Pentax K-5

      Photo Review 9

      In summary

      A sophisticated and keenly-priced DSLR camera with controls and functions for knowledgeable and creative photo enthusiasts.The K-5 replaces the K-7 (from which it has evolved) at the top of Pentax’s DLSR range. Little has changed as far as the camera’s body is concerned but beneath the surface lie some significant improvements. The most notable being a new 16.3-megapixel CMOS sensor, which supports a top burst speed of seven frames/second and the widest sensitivity range among current DSLRs. . . [more]

      Full review


      The K-5 replaces the K-7 (from which it has evolved) at the top of Pentax’s DLSR range. Little has changed as far as the camera’s body is concerned but beneath the surface lie some significant improvements. The most notable being a new 16.3-megapixel CMOS sensor, which supports a top burst speed of seven frames/second and the widest sensitivity range among current DSLRs.

      Like the K-7, the K-5 uses SD and SDHC memory cards but also accepts the latest SDXC media. It is compatible with all K-7 accessories, including the D-BG4 battery grip, external flash guns (including a ring flash), viewfinder magnifiers, four interchangeable focusing screens and tethered and wireless remote controllers.
      The K-5’s shutter mechanism is unchanged since the K-7 and is rated for 100,000 cycles. It provides a top shutter speed of 1/8000 second and supports a top burst speed of seven frames/second. The camera’s buffer memory can accommodate up to 22 high-resolution JPEG images or eight RAW files.

      The review camera was supplied with the smc Pentax 18-55mm f/3.5-5.6 AL kit lens, which we covered in our review of the K-7. Like the kit lenses supplied by Canon and Nikon with their high-end APS-C DSLR cameras, this lens has been built to a price, although overall build quality is good.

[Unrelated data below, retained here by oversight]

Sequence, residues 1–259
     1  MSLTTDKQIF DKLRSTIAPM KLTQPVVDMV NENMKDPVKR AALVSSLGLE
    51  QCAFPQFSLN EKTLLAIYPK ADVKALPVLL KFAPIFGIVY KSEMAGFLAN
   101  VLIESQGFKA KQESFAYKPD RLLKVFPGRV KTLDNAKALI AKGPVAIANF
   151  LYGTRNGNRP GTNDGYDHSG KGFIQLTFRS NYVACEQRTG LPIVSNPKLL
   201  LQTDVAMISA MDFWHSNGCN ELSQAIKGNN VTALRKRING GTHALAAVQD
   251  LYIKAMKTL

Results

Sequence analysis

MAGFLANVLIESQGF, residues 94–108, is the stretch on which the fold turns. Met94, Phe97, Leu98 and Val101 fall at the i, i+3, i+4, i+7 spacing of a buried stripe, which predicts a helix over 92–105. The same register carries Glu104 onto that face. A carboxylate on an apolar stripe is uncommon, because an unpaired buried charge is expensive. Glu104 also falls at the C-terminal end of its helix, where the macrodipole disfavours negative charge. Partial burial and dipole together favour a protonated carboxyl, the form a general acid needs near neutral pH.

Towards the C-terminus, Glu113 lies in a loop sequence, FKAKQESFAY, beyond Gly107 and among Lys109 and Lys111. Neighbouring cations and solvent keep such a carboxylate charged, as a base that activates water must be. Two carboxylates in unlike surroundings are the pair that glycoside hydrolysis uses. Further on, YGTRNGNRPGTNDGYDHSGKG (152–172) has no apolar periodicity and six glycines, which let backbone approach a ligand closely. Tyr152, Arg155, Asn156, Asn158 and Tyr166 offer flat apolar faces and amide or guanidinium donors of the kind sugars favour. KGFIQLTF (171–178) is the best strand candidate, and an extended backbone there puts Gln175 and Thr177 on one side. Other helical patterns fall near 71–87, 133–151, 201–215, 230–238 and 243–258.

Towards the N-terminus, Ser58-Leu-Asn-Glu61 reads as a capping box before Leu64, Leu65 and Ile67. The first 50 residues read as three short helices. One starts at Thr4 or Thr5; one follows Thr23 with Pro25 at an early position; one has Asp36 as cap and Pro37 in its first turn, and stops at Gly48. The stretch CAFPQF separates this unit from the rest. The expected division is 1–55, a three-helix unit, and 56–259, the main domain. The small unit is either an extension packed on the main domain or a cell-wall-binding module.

Build and Ergonomics
      The K-5’s body is essentially the same as the body of the K-7. The high-rigidity stainless-steel alloy chassis is clad with lightweight magnesium alloy and all dials, buttons, joints and retractable parts have been engineered to be dust-proof and water-resistant.
      The front panel layout on the new model is largely unchanged and the grip is the same as the K-7’s with a self-timer lamp near its lower edge. It’s large enough to be comfortable for users with large hands without being difficult for more petite photographers to hold.


      The front panel of the Pentax K-5, shown with the pop-up flash raised. (Source: Pentax.)
      The RAW/FX button on the left hand side of the lens mount can now be programmed to control other camera functions. The default setting is the one-push file format swap inherited from the K-7. Other options are controlling exposure bracketing and displaying the digital preview, electronic level or composition adjust screen.


      Functions that can be assigned to the RAW/FX button.

      In addition, the focus mode lever has been redesigned to make it easier to switch focusing modes with the tip of a finger. Three options are provided: AF-S, AF-C and Manual.

      The rear panel control layout is identical to the K-7. A 3-inch, 921,000-dot LCD monitor covers roughly half of the area, with most controls clustered to the right of the screen. The viewfinder is also unchanged since the K-7 and is large and bright with 100% coverage of the sensor’s field of view.


      The rear panel of the Pentax K-5. (Source: Pentax.)

      Like most sophisticated cameras, the K-5 displays status indicators when it’s switched on, toggling between a general graphic screen (reproduced below) and a screen that’s specific to the selected shooting mode. Both are unchanged from the K-7.


      The general status screen.
      No changes have been made to the top panel, either. The mode dial is located to the left of the flash housing with a push-down locking button to prevent accidental resetting. The metering mode lever below it is used to select from three patterns: multi-segment, centre-weighted average and spot.


      The top panel of the Pentax K-5, shown with the 18-55mm kit lens fitted. (Source: Pentax.)

      With so few changes to the overall layout, photographers upgrading from the K-7 should feel right at home. So, is there any reason to upgrade?
      What’s New?
      The 11-point SAFOX IX+ AF system, which first appeared in the 645D, has been ported into the K-5. With 11 sensors, nine of them cross-type, this system includes ambient lighting in its calculations to increase autofocusing accuracy. Pentax claims it also provides more stable autofocusing, particularly in low light levels.